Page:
They work up to 80 hours per week, shadowing doctors, helping out in the wards and treating patients in the walk-in clinic. They are at Hasbro Children’s Hospital to learn, to become full-fledged pediatricians – but they are also there to help their patients.
And it is difficult to help a child, to really make a difference, if you don’t know where she lives, the resources available to her, or the ins and outs of her social support systems.
That is the insight behind a new program at Hasbro that is taking first-year residents into the community, introducing them to local social-service agencies, letting them sit in on nutrition and child-rearing education programs, and encouraging them to explore the city.
The experience even teaches them the price of diapers and a gallon of milk – because a pediatrician should know those things. Plus they are learning about RIte Care, the WIC (Special Supplemental Nutrition Program for Women, Infants and Children) program and other public benefits, as well as getting briefed on demographics and other key statistics.
It is a three-week immersion in their young patients’ world, just one of multiple rotations for Hasbro’s pediatric residents but an important one, said Dr. Patricia Flanagan, director of outpatient services at Hasbro and creator of the program.
“Without this at the front end of their time here, they could spend three years learning only bits and pieces about the community,” she said.
The mandatory program, started earlier this year, was developed in partnership with Ready to Learn Providence, a nonprofit alliance of early-care and public-school educators, city librarians, health professionals, policymakers, government officials and parents.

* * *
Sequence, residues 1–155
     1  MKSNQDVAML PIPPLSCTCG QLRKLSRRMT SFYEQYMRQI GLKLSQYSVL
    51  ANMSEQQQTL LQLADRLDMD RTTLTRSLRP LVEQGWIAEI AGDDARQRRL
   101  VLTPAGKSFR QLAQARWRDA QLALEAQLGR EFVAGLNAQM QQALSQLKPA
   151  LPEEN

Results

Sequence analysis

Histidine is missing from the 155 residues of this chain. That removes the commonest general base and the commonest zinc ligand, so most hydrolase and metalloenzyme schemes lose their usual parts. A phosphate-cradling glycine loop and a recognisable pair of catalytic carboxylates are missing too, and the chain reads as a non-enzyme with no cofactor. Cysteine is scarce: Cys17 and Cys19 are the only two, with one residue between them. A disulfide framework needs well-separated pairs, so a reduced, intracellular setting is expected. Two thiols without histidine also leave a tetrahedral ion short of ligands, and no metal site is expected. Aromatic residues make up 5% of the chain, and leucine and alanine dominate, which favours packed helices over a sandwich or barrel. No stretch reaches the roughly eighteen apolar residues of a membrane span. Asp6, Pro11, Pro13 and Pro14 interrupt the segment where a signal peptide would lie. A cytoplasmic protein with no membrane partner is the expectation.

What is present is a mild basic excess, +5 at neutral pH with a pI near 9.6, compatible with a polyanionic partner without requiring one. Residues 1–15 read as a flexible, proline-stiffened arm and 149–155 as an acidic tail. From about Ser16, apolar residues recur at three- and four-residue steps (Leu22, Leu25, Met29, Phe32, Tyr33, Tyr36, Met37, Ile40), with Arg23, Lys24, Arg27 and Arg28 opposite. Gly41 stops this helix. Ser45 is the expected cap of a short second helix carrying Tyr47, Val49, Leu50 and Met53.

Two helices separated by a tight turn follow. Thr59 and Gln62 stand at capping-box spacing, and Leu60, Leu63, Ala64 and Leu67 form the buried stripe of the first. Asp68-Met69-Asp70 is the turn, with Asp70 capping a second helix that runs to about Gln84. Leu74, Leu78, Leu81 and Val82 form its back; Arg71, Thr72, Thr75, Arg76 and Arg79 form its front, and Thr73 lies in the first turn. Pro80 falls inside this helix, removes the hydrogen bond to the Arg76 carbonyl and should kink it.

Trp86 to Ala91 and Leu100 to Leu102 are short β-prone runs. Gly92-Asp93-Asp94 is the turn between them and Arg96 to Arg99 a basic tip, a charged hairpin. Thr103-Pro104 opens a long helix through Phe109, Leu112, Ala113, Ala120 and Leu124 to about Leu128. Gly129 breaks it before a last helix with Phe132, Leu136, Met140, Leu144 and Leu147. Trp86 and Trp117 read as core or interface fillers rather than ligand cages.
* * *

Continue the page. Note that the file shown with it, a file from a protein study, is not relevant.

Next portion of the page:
Named “Advocating for Child Health in the Community,” it pairs residents with members of Ready to Learn’s AmeriCorps program in libraries and child care centers for several days so they can see children and families in those settings.
The young doctors also visit other local agencies – from Children’s Friend and Service, to the Ronald McDonald House – and places they might never explore on their own, such as a local botánica (a store that sells herbal remedies, amulets, candles and other Latin American alternative-medicine and religious items).
To encourage them to venture into the neighborhoods, Flanagan is sending the residents on a “scavenger hunt” for common items their patients’ families might buy. They also do some reflective writing and complete a final project.
Compared with the harsh demands of medical work, this rotation is definitely a bit of a break, the residents acknowledge. But they also say it’s very helpful.
“For the three years I’m here, I’m going to work with hundreds, if not thousands, of kids, and I should know what resources there are in the community,” said Jessica Baker, an Oregon native.
Craig Woda, of the Bronx, noted that in the clinic, a mother had asked him to sign a WIC form, and he didn’t really know the program. Another mom complained that the early intervention program she’s enrolled in only provided half an hour’s worth of help per week; now he knows to explain that’s how it’s supposed to be, that it’s meant to model things for her to do with her children, not just provide respite for a few minutes.
Corinna Schultz, of Boston, noted that educating parents is “huge” in pediatrics, so knowing the community and the local resources is crucial. Even better, she said, it’s good to see everything firsthand, not just get a briefing at the hospital.
“I think it’s much more meaningful when we get to go to the places where our patients go, and find out: Is that big door really intimidating to go through? Or is it really warm and inviting?” she said. •